While address generation unit 304 is generating the set of branch target addresses 309, selector logic 312 determines which instructions, if any, in the set of instructions 303 represents the first branch instruction predicted to be taken. To make this evaluation, selector logic 312 receives each of the set of instructions 303. In addition, selector logic 312 communicates with branch history table 207 or other suitable branch prediction information of processor 101 to determine which, if any, of the set of instructions 303 comprises a predicted taken branch instruction. Based on this information, selector logic 312 determines the first predicted taken branch instruction (if there is one) in the set of instruction 303. A multiplexer 315 receives the set of branch target addresses 309 generated by address generation unit 304 while the output of selector logic 312 provides the select input to multiplexer 315.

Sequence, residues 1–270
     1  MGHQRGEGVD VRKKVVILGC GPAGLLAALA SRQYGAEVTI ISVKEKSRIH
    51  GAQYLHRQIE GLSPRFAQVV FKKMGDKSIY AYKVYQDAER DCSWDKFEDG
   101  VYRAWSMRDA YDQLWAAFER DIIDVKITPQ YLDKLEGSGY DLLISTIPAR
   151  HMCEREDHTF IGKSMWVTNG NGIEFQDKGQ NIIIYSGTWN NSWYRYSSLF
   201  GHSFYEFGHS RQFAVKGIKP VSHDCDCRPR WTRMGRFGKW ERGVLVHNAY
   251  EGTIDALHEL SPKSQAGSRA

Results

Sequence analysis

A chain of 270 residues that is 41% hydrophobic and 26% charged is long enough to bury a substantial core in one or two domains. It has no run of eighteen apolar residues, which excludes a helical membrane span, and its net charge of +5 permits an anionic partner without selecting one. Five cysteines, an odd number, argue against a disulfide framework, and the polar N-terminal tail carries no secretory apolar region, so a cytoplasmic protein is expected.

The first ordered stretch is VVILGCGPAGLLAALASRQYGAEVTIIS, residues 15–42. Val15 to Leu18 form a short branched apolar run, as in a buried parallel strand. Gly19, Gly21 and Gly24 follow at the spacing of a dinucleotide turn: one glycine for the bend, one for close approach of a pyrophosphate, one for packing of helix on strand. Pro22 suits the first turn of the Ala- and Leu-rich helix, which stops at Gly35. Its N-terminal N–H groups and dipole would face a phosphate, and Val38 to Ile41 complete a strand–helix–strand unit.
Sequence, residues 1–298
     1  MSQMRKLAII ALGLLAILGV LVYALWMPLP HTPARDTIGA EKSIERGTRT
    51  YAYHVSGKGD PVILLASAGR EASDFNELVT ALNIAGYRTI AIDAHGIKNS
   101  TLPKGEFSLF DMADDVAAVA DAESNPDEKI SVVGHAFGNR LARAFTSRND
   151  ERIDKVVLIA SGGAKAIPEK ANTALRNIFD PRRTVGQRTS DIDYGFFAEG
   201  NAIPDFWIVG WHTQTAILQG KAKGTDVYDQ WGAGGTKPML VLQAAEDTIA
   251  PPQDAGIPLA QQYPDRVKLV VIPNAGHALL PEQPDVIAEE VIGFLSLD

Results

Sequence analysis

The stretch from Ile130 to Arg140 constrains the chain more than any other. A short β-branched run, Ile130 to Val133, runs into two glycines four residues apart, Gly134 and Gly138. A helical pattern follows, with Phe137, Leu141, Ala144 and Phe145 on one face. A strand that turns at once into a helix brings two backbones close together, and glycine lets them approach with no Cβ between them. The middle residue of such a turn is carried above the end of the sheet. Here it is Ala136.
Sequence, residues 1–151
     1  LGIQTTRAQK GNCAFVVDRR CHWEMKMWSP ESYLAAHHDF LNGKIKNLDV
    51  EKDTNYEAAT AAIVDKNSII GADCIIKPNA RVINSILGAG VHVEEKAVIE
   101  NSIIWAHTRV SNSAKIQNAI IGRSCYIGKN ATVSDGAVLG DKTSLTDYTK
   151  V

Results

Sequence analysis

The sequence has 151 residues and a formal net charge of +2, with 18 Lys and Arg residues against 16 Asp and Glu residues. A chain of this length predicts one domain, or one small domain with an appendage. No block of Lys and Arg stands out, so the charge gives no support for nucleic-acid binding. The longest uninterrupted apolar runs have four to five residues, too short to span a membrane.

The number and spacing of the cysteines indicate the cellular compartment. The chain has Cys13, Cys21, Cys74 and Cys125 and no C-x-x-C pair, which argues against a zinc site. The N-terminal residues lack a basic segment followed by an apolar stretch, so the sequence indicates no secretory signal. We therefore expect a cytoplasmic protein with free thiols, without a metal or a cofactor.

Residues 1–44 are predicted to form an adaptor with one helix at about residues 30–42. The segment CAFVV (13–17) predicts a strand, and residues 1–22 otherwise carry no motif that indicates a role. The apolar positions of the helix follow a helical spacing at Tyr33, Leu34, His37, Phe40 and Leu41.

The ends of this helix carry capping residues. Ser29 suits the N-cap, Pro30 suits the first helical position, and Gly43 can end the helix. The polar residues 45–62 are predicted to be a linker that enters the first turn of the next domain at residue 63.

In the depicted embodiment, multiplexer 315 is configured to receive an additional address 311 that is generated by an address incrementer 310. Address 311 is passed to IFAR 204 in those cases when BIQ 320 of IPU 211 lacks sufficient resources to record, in a single cycle, all of the branch information in the set of instructions 303 that requires recording. Consider, as an example, a set of instructions that includes three branch instructions, none of which is predicted to be taken. Information concerning the branch target address of these instructions must be recorded to re-direct program execution in the event that one of the branches is mis-predicted (i.e., one of the branches that was predicted as not taken was actually taken). Should the set of instructions contain one or more predicted taken branch instructions, the address of the instruction sequentially following the first predicted taken branch is stored in BIQ 320 to re-direct program execution in the event that the predicted taken branch is not taken. In the depicted embodiment, this re-direct address information is stored in BIQ 320, where it remains pending actual execution when the branch instruction can be evaluated to determine if the branch prediction corresponding to that instruction was correct. In addition to the re-direct address information, the entries in BIQ 320 may further include prediction information. The re-direct address information and the prediction information are collectively referred to herein as BIQ information. In the case of a predicted not taken branch, the redirect address is the target address of the branch instruction while, in the case of a predicted taken branch, the redirect address is the address of the instruction following the branch address (the next sequential instruction address).